The agile delivery team will not be able to eliminate this systemic waste. It requires organisational restructuring by the senior management to align rewards and incentives throughout the organisation. Mission or task focussed teams should be prioritised over function centric teams.

Wastage 3: Task switching

Another unintended consequence of having functional groups is the tendency to assign each functional specialist to multiple projects.

Digital delivery activities are highly abstract and require creativity. Switching across tasks incur waste due to context-switching. It cost about 15 minutes to interrupt and resume a task.

Another common reason for task switching is meetings. If you must have meetings, always move them to the beginning or end of the day to minimise waste to the entire team.

Wastage 4: Waiting time

Waiting time can be disproportionately high when teams are distributed across different time-zones or physical locations.

Imagine a scenario where a team needs the product owner to clarify user stories and validate their work only when it’s fully completed. This impedes the team’s ability to get quick feedback from the product owner during reviews. No or slow feedback leads to little or no improvements.

This, in turn, leads to persistent defects and repeated reworks.

Wastage 5: Defects (rework)

Defects lead to more defects. The longer it takes to detect defects, the more wastage will be incurred on reworking and rectifying the defects.

Here’s a possible solution: shorten the feedback loop and rectify early. Daily stand-up meetings, sprint reviews and retrospective sessions are the best avenues to obtain feedback, rectify defects and drive improvements. Unfortunately, these sessions are often underutilised.

An agile team requires a safe environment to share critical and constructive feedback. The product owner must participate to co-create this safe space.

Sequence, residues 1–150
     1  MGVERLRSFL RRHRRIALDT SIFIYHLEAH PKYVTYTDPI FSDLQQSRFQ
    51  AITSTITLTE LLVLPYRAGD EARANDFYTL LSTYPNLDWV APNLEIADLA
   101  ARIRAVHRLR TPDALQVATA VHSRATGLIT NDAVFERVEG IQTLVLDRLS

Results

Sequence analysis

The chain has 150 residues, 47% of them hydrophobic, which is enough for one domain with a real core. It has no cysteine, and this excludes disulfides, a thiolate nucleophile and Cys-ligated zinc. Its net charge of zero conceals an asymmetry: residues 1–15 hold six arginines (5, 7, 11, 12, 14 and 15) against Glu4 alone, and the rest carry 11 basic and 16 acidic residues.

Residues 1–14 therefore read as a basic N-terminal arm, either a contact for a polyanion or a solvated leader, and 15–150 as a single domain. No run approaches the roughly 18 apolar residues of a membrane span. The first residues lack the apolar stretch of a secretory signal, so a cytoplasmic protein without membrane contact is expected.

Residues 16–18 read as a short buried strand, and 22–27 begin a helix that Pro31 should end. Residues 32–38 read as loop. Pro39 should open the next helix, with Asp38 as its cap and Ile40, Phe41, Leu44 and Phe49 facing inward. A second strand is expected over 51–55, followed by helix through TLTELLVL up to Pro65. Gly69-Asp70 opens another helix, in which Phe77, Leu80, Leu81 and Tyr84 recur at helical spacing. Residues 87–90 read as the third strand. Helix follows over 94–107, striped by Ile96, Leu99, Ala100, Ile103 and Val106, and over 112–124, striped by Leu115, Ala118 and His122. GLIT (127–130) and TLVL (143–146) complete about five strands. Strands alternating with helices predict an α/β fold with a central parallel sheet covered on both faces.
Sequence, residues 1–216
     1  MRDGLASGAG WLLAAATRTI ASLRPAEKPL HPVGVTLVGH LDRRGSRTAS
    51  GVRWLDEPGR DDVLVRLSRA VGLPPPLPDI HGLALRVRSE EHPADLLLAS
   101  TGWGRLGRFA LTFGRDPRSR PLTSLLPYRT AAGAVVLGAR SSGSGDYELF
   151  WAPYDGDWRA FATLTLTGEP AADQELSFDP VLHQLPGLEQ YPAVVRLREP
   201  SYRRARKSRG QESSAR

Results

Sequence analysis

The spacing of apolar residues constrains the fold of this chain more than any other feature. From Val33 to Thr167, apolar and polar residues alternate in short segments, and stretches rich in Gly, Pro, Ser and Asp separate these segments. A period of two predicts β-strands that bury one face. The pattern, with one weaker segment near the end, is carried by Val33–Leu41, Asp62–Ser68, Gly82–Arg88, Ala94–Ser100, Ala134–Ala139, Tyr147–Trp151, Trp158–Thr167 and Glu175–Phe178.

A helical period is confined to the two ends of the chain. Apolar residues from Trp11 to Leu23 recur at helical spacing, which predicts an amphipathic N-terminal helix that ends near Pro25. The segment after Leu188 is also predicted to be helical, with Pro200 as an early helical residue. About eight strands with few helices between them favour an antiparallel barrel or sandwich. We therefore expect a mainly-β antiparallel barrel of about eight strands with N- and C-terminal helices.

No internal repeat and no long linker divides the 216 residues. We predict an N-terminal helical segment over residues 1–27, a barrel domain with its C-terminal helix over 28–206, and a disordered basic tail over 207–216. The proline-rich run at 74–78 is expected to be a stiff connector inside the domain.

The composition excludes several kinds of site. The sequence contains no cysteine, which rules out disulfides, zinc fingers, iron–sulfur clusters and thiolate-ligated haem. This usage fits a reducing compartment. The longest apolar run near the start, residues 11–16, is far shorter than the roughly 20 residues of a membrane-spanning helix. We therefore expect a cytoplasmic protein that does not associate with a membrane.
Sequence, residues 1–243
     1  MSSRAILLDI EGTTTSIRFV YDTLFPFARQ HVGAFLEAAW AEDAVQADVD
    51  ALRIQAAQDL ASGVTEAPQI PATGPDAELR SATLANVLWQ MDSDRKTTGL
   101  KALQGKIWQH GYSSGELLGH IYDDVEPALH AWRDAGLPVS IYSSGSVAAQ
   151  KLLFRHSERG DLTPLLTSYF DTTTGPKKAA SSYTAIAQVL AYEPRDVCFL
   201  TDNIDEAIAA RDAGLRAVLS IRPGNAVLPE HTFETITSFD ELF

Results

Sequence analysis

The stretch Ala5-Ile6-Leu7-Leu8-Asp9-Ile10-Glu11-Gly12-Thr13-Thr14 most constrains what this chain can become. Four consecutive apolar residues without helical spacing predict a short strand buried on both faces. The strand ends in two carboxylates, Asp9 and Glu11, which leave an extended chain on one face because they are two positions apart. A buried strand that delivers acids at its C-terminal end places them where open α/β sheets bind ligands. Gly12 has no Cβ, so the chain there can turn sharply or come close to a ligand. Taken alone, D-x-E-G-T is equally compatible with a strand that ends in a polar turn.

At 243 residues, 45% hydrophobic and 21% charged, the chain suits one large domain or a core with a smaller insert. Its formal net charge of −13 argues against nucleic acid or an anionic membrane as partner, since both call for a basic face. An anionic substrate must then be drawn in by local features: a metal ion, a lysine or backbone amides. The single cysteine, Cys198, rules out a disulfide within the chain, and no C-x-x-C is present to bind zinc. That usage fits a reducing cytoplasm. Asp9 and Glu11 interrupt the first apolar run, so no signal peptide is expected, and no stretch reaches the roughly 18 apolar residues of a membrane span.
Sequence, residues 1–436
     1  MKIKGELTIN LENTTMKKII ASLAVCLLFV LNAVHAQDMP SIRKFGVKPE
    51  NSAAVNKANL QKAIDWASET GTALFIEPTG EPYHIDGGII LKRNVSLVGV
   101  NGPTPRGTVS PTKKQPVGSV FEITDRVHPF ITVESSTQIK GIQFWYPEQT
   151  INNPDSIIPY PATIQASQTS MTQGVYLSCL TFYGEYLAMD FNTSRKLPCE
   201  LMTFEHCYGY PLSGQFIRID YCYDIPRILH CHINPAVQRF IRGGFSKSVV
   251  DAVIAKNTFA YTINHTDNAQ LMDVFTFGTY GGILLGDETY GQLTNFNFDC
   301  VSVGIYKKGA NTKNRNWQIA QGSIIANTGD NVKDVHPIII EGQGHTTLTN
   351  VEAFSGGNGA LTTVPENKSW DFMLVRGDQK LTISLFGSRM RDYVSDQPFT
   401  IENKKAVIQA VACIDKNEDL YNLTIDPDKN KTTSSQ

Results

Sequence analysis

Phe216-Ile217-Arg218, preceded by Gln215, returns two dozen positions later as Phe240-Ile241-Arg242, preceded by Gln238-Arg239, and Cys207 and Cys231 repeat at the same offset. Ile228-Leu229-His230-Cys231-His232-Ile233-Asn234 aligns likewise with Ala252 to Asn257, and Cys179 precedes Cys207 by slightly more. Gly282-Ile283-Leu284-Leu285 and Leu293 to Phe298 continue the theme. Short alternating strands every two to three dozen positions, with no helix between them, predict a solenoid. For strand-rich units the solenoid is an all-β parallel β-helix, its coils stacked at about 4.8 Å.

Wastage 6: Hand-offs

Every time a deliverable or a project is handed-off across roles, wastage happens. Tacit knowledge is often lost in the process of handing off. This leads to more delays and defects. It is foolish to incur “handing off” cost in favour of higher utilisation of people.

Wastage 7: Overproduction

Overproduction or developing features that are not needed by the users is the final type of wastage. The best way to prevent overproduction is to build the smallest possible feature or product (MVP) and validate it before building a bigger and better version.

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Unfortunately, overproduction often happens because of product arrogance. Product owners and other stakeholders often overly certain of their ideas and hypothesis and choose to skip the MVP to invest in a full-blown product.

Of all the wastage, overproduction is the worst because it exacerbates all other forms of wastage.

Agile development makes these wastages visible, so that product owners and stakeholders can eliminate them. Otherwise, it is just another fancy idea that produces more noise than substance.

I hope this article broadens your perspective on what is essential in agile development and how it can work better.

Reach Steven Koh at [email protected] for comments and feedback.

This article was first published on TechNews – a Government Technology Agency publication.